Atrial fibrillation is often discovered during routine medical checkups, because many people don't have symptoms. Others may notice an irregular pulse but don't have other symptoms.
Mild symptoms of atrial fibrillation may occur immediately. More serious problems may occur after the start of atrial fibrillation and over the course of several days. So it is important to identify symptoms and get treatment as soon as possible.
- Reference Heart palpitations Opens New Window.
- Irregular pulse.
- Shortness of breath, especially during physical activity or emotional stress.
- Weakness, fatigue.
- Dizziness, confusion.
- Lightheadedness or fainting (Reference syncope Opens New Window).
- Chest pain (Reference angina Opens New Window).
Checking your pulse
Reference Checking your pulse Opens New Window Reference Opens New Window is important, because many people don't have symptoms of atrial fibrillation. Ask your doctor how often you should check your heartbeat. Once a month might be right for you.
If you notice that your heartbeat doesn't have a regular rhythm, talk to your doctor.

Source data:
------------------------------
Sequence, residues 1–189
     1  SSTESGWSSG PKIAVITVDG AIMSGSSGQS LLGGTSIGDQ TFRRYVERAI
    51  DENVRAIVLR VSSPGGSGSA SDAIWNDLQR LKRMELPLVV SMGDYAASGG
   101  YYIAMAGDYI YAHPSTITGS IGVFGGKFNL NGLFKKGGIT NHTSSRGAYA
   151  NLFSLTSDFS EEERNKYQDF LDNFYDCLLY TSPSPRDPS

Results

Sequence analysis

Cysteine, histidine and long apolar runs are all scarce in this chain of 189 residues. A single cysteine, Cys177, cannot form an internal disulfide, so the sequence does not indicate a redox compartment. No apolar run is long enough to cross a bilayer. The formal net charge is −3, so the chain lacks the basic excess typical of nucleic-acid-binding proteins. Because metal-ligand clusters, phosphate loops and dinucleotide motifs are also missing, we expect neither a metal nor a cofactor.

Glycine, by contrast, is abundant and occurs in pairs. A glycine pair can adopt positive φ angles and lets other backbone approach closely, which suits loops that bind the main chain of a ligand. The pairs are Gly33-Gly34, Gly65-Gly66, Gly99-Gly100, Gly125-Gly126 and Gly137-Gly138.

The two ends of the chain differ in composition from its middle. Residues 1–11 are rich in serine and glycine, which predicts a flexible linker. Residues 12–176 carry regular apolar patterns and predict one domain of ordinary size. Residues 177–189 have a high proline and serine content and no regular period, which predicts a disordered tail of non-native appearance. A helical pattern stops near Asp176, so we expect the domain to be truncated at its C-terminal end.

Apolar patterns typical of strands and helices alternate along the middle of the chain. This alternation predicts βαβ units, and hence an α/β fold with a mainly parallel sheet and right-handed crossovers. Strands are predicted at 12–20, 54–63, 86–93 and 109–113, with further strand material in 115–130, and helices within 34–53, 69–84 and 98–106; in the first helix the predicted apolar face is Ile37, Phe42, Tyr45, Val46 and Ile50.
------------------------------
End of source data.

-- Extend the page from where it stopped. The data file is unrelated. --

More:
Paroxysmal atrial fibrillation
When atrial fibrillation comes on suddenly, lasts a short time, and goes away on its own, it is called Reference paroxysmal atrial fibrillation Opens New Window. Typically, over time, episodes of paroxysmal atrial fibrillation come on more often and last longer.
Persistent atrial fibrillation
Over time, episodes of atrial fibrillation typically last longer and often don't go away on their own. This is called persistent atrial fibrillation.
|By:||Reference Healthwise Staff||Last Revised: Reference May 9, 2012|
|Medical Review:||Reference E. Gregory Thompson, MD - Internal Medicine
Reference John M. Miller, MD, FACC - Cardiology, Electrophysiology